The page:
The Wellington Airport is given the name The Rock. The ground breaking design by Studio Pacific Architecture in association with Warren and Mahoney has captured the attention of people from New Zealand and around the world, moving from controversial to award winning. Among other awards, The Rock was recently ranked by Frommers as the fourth best terminal in the World!
The inspiration for the design lies in the geological, historical and mythological past of Wellington’s south coast. It references the story of two taniwha, Ngake and Whataitai, whose adventures created the unique rugged shore and landscape of Wellington. The strong dramatic form also alludes to the Miramar Peninsula’s emerging creative community and film industry.
Source: Wellington Airport
Wellington Airport, New Zealand
5. St Petersburg Airport, Russia
Shimmering golden panels clad the monumental folded ceilings of this new airport terminal in St Petersburg designed by London studio Grimshaw. Grimshaw collaborated with engineering firm Ramboll and delivery architect Pascall+Watson to complete the first terminal of Pulkovo International Airport.
The architects gave the airport a large flat roof so that it will be able to cope with heavy snowfall. This allowed the underside to be expressed as a series of folded surfaces, which help to distribute weight to different parts of the structure. Tessellating metal panels give these folded surfaces their golden colour, intended as a reference to the gilded spires of churches around St Petersburg. Lighting fixtures run along the folds, while voids between surfaces reveal skylights that help passengers to navigate the terminal.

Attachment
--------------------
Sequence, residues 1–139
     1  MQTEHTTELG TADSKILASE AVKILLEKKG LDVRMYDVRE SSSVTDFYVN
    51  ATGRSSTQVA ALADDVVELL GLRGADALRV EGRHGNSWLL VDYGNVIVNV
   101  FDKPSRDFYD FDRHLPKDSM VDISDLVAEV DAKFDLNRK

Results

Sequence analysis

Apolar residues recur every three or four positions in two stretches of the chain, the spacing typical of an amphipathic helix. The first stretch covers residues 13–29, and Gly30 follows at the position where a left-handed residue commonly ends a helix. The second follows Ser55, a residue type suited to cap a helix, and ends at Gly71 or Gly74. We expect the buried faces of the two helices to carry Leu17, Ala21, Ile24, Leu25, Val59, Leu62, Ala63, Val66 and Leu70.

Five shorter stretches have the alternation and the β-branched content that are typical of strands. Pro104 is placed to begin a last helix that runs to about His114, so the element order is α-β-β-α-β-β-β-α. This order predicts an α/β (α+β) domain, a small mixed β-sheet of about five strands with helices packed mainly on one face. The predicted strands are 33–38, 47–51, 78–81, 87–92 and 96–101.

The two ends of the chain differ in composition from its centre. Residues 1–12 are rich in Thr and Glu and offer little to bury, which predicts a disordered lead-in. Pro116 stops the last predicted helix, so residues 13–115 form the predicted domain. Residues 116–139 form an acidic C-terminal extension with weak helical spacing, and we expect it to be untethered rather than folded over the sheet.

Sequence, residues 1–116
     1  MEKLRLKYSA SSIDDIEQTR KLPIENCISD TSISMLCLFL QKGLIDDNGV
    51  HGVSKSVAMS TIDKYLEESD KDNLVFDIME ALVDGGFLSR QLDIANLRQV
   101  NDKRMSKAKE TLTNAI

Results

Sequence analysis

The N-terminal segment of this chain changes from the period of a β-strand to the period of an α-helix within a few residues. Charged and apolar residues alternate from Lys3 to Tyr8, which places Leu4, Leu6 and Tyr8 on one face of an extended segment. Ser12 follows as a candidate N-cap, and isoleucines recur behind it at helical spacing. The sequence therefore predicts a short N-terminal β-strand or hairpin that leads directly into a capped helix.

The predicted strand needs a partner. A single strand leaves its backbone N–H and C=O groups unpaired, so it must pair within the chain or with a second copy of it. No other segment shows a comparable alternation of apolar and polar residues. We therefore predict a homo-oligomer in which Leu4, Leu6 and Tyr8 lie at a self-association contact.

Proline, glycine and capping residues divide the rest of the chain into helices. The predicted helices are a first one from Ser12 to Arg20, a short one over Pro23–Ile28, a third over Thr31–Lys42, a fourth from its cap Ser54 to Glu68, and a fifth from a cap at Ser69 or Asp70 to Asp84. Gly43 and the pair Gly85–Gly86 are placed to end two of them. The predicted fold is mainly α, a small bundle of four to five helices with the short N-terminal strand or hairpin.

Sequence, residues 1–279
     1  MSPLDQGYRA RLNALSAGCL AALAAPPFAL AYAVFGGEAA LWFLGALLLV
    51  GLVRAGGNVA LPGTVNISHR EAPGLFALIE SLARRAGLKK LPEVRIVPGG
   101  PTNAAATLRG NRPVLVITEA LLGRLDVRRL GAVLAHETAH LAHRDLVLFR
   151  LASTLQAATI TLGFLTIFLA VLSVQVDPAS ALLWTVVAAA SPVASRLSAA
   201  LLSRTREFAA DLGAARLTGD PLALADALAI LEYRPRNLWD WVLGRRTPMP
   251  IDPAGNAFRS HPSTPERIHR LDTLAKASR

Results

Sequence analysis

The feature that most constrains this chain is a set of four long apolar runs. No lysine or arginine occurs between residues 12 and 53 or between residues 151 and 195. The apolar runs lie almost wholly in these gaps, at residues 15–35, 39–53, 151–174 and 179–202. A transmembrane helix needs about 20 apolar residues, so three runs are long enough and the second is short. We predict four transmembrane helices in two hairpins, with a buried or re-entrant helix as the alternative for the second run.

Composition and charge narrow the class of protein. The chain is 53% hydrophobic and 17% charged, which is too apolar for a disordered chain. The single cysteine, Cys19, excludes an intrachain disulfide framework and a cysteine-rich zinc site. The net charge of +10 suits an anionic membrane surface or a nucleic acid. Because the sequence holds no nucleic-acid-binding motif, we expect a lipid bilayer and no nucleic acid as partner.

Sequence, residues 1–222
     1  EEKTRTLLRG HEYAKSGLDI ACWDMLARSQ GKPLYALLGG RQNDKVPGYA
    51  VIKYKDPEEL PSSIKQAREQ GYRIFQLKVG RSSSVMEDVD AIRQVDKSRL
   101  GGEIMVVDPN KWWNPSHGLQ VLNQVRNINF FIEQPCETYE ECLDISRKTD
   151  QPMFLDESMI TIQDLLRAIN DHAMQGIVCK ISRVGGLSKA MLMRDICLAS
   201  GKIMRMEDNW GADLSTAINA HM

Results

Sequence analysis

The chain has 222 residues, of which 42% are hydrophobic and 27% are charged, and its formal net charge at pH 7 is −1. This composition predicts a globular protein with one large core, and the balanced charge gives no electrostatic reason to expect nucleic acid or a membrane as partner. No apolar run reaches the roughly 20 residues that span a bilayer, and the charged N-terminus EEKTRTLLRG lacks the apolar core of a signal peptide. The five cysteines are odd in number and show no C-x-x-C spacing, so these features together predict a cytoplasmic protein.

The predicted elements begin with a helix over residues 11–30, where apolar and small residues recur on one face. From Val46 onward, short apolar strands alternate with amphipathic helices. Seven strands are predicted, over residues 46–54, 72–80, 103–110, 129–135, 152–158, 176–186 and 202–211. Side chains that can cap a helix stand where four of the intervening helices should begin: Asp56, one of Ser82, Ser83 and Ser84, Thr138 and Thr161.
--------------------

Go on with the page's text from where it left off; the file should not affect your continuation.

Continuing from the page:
Source: de zeen magazine
St Petersburg Airport, Russia
6. Mumbai Airport, India
The concrete cells of the canopy spanning this new airport terminal in Mumbai was designed by American firm SOM to reference both the open-air pavilions of traditional Indian architecture and the arrangement of feathers in a peacock’s tail. The check-in hall is located on the upper level of the four-storey terminal, directly beneath the perforated concrete ceiling. This canopy is supported by 30 tapered columns that are punctured with similar recesses, creating a decorative pattern of openings that are infilled with coloured glazing to allow light to filter through the space.
Source: de zeen magazine
Mumbai Airport, India
7. Kutaisi International Airport, Georgia
Kutaisi International Airport is also known as David the Builder. UNStudio designed the terminal with a large span to create uninterrupted views that aid navigation, and the red corner detail acting as “a crossing-point and point of recognition.” Inside the terminal, however, a large structure covered in a web of wooden beams descends from the ceiling and creates a central hub around which passengers circulate. At the centre of this structure is an exterior patio enclosed in glass that allows for continuous views across the terminal. The building is wrapped in full-height glazing that creates a light-filled interior with views of the Caucasus Mountains.
Source: de zeen magazine
Kutaisi Airport, Georgia
8. Perth Airport, Australia
The bespoke sculptures and perforated wall called “From the skies” were designed by Penelope Forlano at Forlano Design, with artwork text by Doolann Leisha Eatts, a Whukjuk/Piblenman/Nyungah woman elder.
“At night, again and again, the elders used to tell us
dreamtime stories, they used to show us the stars….”
The bespoke wall signified the connections with the land and nature, with aboriginal culture, at the same time inspired creativity and imagination.
We love this airport interiors even more because Decor Systems DecorArti wall panels were used in this project.
Perth Airport, Australia
Tell us which airport have you recently visited and which one you like the most?